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Samsung, Motorola Mobility Antitrust Rulings Close, EU Says

Sept. 13 (Bloomberg) -- The European Union’s antitrust chief said probes are close to completion into whether Samsung Electronics Co. and Google Inc.’s Motorola Mobility abused key mobile-phone patents in their struggle for supremacy with Apple Inc.

The European Commission’s approach on standard-essential patents will be “clarified” in two separate cases, one concerning Samsung, the other Motorola Mobility, Competition Commissioner Joaquin Almunia said today at an event in Florence, Italy. Decisions are in the “pipeline,” he said. The timing of the decisions “does not depend only on the commission side.”

The EU is cracking down on patent abuses as Google’s Motorola Mobility, Microsoft Corp., Apple and Samsung trade victories in divergent court rulings across the world on intellectual property. Almunia has sent statements of objections to Samsung and to Motorola Mobility, laying out the EU’s concerns about possible antitrust violations. Almunia has said he is targeting “rules of the game” to prevent companies from unfairly leveraging their inventions to thwart rivals.

“We have some others in the pipeline but not as advanced as these two” cases, Almunia said. In the Samsung case, the Brussels-based EU regulator is “trying to reach an agreement.”

“I am not anticipating the date of the decision, because it doesn’t depend only on my will,” Almunia told reporters.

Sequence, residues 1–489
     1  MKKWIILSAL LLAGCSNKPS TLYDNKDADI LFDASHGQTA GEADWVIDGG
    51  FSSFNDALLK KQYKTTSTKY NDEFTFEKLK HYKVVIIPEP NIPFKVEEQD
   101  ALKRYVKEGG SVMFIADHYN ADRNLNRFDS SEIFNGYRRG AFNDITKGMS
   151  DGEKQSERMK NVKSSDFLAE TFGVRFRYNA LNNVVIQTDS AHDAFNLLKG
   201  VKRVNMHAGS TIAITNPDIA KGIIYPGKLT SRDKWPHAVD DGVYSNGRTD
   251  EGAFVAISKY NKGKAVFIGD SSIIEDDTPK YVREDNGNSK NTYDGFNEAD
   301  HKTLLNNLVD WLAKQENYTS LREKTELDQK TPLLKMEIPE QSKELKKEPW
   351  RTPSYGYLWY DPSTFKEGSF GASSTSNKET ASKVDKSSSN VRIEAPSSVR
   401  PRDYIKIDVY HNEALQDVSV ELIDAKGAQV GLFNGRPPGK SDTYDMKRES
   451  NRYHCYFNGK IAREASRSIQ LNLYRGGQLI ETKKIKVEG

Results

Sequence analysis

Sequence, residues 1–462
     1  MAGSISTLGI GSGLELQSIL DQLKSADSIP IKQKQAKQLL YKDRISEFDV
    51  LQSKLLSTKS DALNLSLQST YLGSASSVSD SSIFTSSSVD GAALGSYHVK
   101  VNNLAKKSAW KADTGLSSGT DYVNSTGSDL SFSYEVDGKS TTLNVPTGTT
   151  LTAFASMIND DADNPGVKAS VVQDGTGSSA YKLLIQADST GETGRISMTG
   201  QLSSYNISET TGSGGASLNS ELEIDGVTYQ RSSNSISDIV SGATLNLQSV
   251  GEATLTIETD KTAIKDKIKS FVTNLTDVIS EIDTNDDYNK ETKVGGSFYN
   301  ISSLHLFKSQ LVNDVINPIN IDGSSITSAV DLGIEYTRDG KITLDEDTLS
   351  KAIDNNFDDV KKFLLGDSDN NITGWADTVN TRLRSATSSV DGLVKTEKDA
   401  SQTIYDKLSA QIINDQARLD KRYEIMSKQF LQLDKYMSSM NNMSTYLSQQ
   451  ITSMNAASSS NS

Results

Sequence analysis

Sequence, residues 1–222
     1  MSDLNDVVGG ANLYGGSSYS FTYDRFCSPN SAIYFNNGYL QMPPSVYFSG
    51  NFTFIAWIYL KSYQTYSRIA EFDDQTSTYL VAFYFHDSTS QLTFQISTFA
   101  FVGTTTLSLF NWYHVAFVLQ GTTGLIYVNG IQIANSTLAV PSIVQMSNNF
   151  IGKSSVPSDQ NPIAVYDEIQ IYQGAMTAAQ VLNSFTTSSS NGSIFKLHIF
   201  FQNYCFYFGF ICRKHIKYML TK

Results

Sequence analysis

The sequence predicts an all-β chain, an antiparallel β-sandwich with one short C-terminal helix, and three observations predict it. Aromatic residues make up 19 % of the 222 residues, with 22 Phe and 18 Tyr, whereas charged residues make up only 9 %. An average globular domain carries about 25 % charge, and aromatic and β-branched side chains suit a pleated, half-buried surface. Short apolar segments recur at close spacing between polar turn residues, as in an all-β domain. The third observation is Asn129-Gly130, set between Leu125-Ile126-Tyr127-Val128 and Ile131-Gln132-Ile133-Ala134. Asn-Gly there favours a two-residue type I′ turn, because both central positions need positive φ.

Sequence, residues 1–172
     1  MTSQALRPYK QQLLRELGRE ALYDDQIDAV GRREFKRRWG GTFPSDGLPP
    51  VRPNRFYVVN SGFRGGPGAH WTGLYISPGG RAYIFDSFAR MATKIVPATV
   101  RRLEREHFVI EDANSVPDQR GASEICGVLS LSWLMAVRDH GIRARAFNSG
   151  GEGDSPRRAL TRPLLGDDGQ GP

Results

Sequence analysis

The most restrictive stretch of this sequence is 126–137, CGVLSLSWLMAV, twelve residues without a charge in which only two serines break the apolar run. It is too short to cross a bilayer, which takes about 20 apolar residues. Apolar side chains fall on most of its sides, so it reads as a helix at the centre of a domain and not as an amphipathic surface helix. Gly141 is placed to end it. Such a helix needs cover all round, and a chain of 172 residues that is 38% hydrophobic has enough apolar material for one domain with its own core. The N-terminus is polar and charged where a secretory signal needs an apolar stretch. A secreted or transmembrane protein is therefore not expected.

Samsung failed to deflect the EU complaint when it announced on Dec. 18 it planned to withdraw injunctions in Europe that seek to block sales of Apple products.

Under phone industry agreements on standards, companies owning the rights to essential technology must usually license it to competitors on fair, reasonable and non-discriminatory terms, known as FRAND.

Samsung began seeking injunctions against Apple in courts in EU member countries in 2011, based on alleged infringement of patents for 3G technology, according to the commission.

Samsung’s spokeswoman Rhee So-Eui declined to comment.

The EU opened a similar probe into Motorola Mobility, which makes smartphones that run on Google’s Android software, in April 2012, following complaints by Microsoft and Apple.

To contact the reporters on this story: Stephanie Bodoni in Florence at sbodoni@bloomberg.net; Gaspard Sebag in Florence at gsebag@bloomberg.net

To contact the editor responsible for this story: Anthony Aarons at aaarons@bloomberg.net

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